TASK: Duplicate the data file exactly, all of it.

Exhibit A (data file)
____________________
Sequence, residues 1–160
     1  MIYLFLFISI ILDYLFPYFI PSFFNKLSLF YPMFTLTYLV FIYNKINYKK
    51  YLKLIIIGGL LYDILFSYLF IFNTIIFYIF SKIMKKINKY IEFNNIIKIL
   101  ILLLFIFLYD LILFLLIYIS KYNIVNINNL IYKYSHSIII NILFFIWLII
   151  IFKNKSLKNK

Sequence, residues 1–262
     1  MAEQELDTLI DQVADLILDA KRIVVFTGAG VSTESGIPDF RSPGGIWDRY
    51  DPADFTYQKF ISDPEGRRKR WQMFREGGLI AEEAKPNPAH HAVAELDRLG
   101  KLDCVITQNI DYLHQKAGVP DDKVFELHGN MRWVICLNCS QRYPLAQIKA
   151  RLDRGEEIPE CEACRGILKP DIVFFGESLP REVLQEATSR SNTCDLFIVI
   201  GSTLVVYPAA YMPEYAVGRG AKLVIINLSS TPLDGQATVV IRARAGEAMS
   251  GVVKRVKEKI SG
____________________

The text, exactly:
Sequence, residues 1–160
     1  MIYLFLFISI ILDYLFPYFI PSFFNKLSLF YPMFTLTYLV FIYNKINYKK
    51  YLKLIIIGGL LYDILFSYLF IFNTIIFYIF SKIMKKINKY IEFNNIIKIL
   101  ILLLFIFLYD LILFLLIYIS KYNIVNINNL IYKYSHSIII NILFFIWLII
   151  IFKNKSLKNK

Sequence, residues 1–262
     1  MAEQELDTLI DQVADLILDA KRIVVFTGAG VSTESGIPDF RSPGGIWDRY
    51  DPADFTYQKF ISDPEGRRKR WQMFREGGLI AEEAKPNPAH HAVAELDRLG
   101  KLDCVITQNI DYLHQKAGVP DDKVFELHGN MRWVICLNCS QRYPLAQIKA
   151  RLDRGEEIPE CEACRGILKP DIVFFGESLP REVLQEATSR SNTCDLFIVI
   201  GSTLVVYPAA YMPEYAVGRG AKLVIINLSS TPLDGQATVV IRARAGEAMS
   251  GVVKRVKEKI SG